Posted on 16 September 2019
New WWF report showcases the importance of Mara river to communities, economies and ecosystems in East Africa.
Launched on Mara Day 2019, the Importance of a Healthy, free-flowing Mara river to the society and economy of Keny and Tanzania outlines how critical this famous river is to both countries.
The Mara River Basin is home to one of the most famous tourist destinations in the world: the great wildebeest migration. The globally unique spectacle is completely and utterly reliant on a variable and naturally functioning Mara River Basin. Without the ebb and flow of the Mara River, the great wildebeest migration would cease to exist as we know it. This is just one single example of how the Mara River Basin is the blue heart of Kenya and Tanzania, supporting their economy and society.
But the Mara River Basin has much broader importance to Kenya and Tanzania. Although home to only 1.4% of the Kenyan population and 0.7% of the Tanzanian population, “the basin supports some of the most profitable economic activities in Kenya and Tanzania, including tourism, agriculture and mining, which collectively contribute between 10-15% to both countries’ GDP.
However, the delicate natural balance of the basin is at risk. Risks range from land-use change in the upper catchment, pollution in the river system and development of infrastructure such as dams, hydropower, irrigation or water supply that may undermine the natural variation in the river flows.
Other risks include extreme climate and variable hydrology in the Mara in the future, as a result of climate change is a major risk for the future of the ecosystems that support the economy and society of Tanzania and Kenya.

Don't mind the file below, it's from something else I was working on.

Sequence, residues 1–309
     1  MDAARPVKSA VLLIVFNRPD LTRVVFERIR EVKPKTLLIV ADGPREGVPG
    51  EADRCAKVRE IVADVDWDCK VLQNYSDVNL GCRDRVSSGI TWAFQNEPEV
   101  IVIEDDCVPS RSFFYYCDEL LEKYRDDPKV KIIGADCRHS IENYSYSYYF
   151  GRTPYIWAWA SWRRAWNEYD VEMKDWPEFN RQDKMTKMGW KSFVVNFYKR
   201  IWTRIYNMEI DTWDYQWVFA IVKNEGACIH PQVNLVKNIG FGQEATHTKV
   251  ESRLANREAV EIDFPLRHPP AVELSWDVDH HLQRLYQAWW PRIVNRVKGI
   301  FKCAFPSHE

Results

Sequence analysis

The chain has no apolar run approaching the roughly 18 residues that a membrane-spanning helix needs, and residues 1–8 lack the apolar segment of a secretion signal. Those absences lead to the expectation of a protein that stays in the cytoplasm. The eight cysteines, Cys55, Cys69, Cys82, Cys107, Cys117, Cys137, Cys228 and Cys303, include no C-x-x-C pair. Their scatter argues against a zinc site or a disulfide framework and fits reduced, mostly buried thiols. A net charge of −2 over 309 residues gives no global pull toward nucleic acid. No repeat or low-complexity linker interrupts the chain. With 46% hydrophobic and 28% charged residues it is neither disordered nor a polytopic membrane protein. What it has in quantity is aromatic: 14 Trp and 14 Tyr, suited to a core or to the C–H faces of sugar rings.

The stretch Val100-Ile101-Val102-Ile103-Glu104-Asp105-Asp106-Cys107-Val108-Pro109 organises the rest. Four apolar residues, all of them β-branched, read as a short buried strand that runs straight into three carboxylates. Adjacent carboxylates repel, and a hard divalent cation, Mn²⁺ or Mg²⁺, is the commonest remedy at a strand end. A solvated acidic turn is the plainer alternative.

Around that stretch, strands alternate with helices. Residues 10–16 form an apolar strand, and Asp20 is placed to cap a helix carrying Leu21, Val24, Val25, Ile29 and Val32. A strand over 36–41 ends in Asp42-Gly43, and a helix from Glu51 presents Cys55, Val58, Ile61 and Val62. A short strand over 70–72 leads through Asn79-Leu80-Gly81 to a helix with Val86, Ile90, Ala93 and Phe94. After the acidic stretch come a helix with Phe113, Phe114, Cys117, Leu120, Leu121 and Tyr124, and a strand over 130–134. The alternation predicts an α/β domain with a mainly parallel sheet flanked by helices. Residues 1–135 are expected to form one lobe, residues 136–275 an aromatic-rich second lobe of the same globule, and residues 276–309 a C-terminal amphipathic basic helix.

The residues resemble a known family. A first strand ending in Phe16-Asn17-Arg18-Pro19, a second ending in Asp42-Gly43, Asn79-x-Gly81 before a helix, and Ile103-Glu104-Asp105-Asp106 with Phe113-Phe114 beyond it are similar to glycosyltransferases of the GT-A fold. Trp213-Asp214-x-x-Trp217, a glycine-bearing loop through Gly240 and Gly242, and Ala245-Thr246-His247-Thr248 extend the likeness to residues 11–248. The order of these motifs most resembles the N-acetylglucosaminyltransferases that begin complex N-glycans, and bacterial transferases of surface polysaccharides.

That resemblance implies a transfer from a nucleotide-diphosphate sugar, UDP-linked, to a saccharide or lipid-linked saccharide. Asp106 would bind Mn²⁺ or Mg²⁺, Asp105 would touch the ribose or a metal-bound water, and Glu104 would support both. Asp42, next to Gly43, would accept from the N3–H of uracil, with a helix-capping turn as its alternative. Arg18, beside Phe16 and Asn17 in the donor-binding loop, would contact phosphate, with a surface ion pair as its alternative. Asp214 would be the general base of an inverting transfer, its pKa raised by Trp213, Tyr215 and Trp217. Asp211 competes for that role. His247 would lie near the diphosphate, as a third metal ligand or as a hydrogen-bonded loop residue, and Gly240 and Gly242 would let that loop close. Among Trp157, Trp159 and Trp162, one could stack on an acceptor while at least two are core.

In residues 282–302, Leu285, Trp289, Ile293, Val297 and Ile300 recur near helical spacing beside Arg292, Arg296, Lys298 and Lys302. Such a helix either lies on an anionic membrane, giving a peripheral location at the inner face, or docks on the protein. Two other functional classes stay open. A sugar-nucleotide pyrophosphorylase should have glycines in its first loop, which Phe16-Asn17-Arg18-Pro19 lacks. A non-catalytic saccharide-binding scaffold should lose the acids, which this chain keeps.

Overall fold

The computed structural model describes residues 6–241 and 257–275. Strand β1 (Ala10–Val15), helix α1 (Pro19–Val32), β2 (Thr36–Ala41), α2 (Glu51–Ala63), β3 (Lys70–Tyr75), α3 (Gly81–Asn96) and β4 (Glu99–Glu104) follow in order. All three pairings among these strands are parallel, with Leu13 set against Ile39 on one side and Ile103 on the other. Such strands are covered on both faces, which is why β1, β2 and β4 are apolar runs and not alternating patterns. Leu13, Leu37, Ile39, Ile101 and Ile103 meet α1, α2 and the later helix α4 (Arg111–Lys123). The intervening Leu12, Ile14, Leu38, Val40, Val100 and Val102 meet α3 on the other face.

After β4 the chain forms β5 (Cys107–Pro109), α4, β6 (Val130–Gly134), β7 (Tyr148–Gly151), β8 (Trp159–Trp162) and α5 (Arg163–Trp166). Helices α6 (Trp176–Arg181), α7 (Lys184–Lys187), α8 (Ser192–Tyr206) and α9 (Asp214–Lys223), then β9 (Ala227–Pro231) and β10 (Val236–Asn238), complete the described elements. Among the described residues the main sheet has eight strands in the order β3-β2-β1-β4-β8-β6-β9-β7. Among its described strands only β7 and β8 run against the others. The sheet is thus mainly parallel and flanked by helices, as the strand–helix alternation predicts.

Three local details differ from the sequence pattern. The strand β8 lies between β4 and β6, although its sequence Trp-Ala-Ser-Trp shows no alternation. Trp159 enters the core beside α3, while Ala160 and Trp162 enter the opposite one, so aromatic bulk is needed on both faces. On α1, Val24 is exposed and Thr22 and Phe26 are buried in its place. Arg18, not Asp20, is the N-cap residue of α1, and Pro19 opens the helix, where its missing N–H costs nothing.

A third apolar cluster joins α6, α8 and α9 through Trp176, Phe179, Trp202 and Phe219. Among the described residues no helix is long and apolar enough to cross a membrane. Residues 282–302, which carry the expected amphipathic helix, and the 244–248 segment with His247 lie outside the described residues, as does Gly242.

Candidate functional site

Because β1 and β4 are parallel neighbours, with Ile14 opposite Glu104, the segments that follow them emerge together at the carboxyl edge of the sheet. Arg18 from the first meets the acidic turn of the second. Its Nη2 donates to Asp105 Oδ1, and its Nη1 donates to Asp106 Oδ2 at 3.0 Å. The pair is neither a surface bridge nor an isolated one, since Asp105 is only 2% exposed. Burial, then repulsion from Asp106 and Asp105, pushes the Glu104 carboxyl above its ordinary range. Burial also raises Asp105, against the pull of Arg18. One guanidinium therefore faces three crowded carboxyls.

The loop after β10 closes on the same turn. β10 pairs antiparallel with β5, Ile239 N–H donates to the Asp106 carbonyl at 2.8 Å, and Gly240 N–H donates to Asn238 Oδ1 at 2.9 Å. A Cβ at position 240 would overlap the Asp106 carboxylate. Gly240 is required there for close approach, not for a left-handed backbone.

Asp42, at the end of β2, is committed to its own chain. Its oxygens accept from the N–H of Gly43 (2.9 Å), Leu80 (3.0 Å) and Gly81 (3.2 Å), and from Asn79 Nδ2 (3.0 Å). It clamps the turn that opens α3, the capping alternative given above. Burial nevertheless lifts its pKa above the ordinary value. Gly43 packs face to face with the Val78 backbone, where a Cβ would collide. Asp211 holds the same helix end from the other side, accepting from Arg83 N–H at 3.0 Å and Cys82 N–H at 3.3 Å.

The average population growth in the basin continues at approximately 3%, with associated demands on the natural resources in the basin. This has been accompanied by an increase in agricultural lands at the expense of the basin’s forests and grasslands. In addition to the associated effects of deforestation, water abstraction for livestock, agricultural irrigation and other industries are on the rise.
The Mara is not a large river, and ever-increasing abstractions will, eventually, severely degrade the riverine ecosystem and even impinge upon the most basic needs of people living along the river. The effects of such a dry down would be profound, both for people, livestock, wildlife and the basin’s economy.
One way to ensure a healthy Mara is through ensuring environmental flows. However, environmental flows are already at risk in the Mara River Basin.
The underlying concept of the reserve flow is that providing minimum standards are met in each month any surplus water is potentially available for abstraction for other uses. However the results of the study show that in drought years the reserve flows are not being met even in the upper and middle reaches of the river from which the study concludes this ‘may be the first clear evidence of a trend towards unacceptable alterations of the Mara River’s flow regime’.
Conservation of a healthy, free-flowing Mara River is important for every aspect of Kenya and Tanzania, whether economically, socially, culturally or environmentally. Future development plans in the basin needs to be conscious that without the natural flow of the Mara River, the Blue Heart of the economy and society would cease to exist in Kenya and Tanzania.
By all working together, the future of the Mara may be able to balance all its competing needs. We all have a role to play. Each sector has a responsibility and a series of actions that may bring about sustainable development in the basin.